Duke of Buckingham

A portrait of the Duke of Buckingham, a favourite of King James VI and I has recently been rediscovered. The Duke played a controversial part in both the private and public life of the monarch before he was assassinated in 1628.

www.bbc.com/news/entertainment-arts-41373007

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Drink jij geregeld koffie en spreek je naast Nederlands ook Engels?

Drink jij geregeld koffie en spreek je naast Nederlands ook Engels? Dan is dit experiment iets voor jou!

Wij doen een studie naar het effect van cafeïne op reactietijd.. Als je meedoet krijg je ofwel een capsule met cafeïne (3 mg per kilo lichaamsgewicht), of een capsule met een placebo. Bijvoorbeeld, als je 65 kilo weegt, krijg je 195 mg cafeïne, wat overeenkomt met 2 kopjes koffie. Om je veiligheid te garanderen zal je nooit meer cafeïne binnenkrijgen dan wat  de Europese Voedselveiligheidsauthoriteit heeft bepaald als veilig om dagelijks te consumeren. Elke participant hoeft maar één keer een sessie van 1.5 uur te doen. Het experiment bestaat uit een serie reactietijdexperimenten voor en na cafeïne inname, een kleine enquête, en een Engelse taaltest. Alle experimenten zullen in de multimediazalen van het Harmoniegebouw plaatsvinden.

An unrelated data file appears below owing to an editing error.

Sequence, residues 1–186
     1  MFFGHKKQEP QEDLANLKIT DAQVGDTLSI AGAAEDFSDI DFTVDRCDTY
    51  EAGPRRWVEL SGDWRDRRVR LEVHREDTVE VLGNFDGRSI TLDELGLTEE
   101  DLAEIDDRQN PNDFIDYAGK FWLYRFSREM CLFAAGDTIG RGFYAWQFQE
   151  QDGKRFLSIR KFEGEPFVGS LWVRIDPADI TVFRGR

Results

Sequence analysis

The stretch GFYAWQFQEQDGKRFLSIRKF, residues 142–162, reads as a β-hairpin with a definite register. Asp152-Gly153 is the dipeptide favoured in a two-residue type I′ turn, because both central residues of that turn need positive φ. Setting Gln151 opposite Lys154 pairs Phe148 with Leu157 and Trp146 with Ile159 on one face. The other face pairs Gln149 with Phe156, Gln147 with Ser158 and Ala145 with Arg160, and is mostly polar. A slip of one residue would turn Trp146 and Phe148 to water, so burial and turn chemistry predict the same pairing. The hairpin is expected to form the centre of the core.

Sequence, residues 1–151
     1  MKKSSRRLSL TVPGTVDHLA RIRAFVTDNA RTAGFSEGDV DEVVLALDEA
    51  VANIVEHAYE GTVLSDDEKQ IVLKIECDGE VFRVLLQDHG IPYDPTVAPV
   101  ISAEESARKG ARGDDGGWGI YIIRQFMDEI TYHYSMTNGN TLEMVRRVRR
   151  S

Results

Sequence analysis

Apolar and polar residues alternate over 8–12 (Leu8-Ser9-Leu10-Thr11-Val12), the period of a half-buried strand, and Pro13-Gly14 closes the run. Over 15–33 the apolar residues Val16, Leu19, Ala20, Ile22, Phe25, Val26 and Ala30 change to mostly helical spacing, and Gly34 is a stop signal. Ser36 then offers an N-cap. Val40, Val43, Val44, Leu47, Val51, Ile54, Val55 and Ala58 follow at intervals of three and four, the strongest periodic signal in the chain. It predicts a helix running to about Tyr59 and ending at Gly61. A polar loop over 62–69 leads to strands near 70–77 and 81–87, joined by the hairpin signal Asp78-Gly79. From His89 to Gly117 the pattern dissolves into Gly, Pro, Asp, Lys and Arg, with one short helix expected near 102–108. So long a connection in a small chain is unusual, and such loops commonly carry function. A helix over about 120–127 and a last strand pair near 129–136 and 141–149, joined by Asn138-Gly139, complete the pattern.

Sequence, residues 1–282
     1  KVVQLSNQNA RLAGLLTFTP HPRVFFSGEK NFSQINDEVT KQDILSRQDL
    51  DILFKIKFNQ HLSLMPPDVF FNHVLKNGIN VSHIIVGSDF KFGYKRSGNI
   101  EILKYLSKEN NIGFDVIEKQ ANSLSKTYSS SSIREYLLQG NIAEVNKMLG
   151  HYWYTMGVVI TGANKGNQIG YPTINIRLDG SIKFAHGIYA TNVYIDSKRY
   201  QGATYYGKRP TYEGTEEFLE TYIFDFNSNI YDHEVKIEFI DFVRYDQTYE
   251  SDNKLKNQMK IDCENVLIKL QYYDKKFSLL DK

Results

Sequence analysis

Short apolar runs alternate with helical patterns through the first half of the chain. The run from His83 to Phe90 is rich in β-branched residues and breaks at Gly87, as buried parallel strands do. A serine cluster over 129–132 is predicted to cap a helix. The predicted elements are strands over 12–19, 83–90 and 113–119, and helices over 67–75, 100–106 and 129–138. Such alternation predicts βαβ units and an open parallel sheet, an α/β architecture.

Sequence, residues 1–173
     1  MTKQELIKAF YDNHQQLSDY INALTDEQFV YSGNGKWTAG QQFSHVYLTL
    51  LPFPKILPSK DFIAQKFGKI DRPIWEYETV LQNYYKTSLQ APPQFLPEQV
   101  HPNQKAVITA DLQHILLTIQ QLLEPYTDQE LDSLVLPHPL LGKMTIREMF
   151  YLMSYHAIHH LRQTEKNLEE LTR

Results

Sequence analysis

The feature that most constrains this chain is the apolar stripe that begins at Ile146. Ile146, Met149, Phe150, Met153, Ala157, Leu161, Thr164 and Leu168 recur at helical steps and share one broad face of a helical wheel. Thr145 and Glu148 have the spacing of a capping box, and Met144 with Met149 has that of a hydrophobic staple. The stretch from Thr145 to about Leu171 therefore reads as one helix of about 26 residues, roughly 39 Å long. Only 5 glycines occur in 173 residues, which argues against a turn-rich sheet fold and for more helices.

Voorwaarden om mee te doen

  • Je eerste taal is Nederlands
  • Je hebt geen medische aandoeningen, en in het bijzonder geen intolerantie voor cafeïne
  • Je drinkt geregeld koffie, maar niet extreem veel (Niet meer dan 4 koppen per dag gemiddeld)
  • Je bent tussen de 18 en 25 jaar oud
  • Je bent bereid alle vormen van cafeïne 24 uur voor het experiment op te geven
  • Je bent bereid tot 12 uur na het experiment geen koffie te drinken
  • Je bent rechtshandig

Als je geïnteresseerd bent, vul dan alsjeblieft de korte enquête op Qualtrics in op

https://qtrial2017q1az1.az1.qualtrics.com/jfe/form/SV_elE0Y3adnYS9lul

Voel je vrij een email te sturen naar jellebrouwer96@gmail.com indien je nog vragen hebt.

Stephen Greenblatt: Original Sinner?

It makes sense that Cultural Studies has succeeded the New Historicism at the top of the humanities heap, because it’s even more unserious, even more indefinable, even more open to recherché (not to say inane and capricious) topics of “study”; to an even greater extent than the New Historicists, the typical practitioner of Cultural Studies combines a breathtaking cultural and historical illiteracy with a tendency to lean on pseudo-radical tropes about Western imperialism and so forth. In sum, it’s an intellectual and scholarly disaster. And its spiritual father is Stephen Greenblatt.

Stephen Greenblatt is one of the best know literary critics and the editor of The Norton Anthology. Not everone is a fan though.

Article in New Criterion

New Professor of Modern English Literature

prof. dr. R.D.P. (Richard) Lansdown

There is a new face in the English Department. Prof. Richard Lansdowne has joined the staff having come from Australia. Born in the UK and educated at UCL, he is an expert on Romantic literature and has written extensively in this area. He is particularly interested in Austen, Byron, Keats, Shelley and Wordsworth. In his sojourn in Australia he also developed research interests in western ideas of the Pacific. He is readjusting his ideas of Geography to encompass the province of Groningen.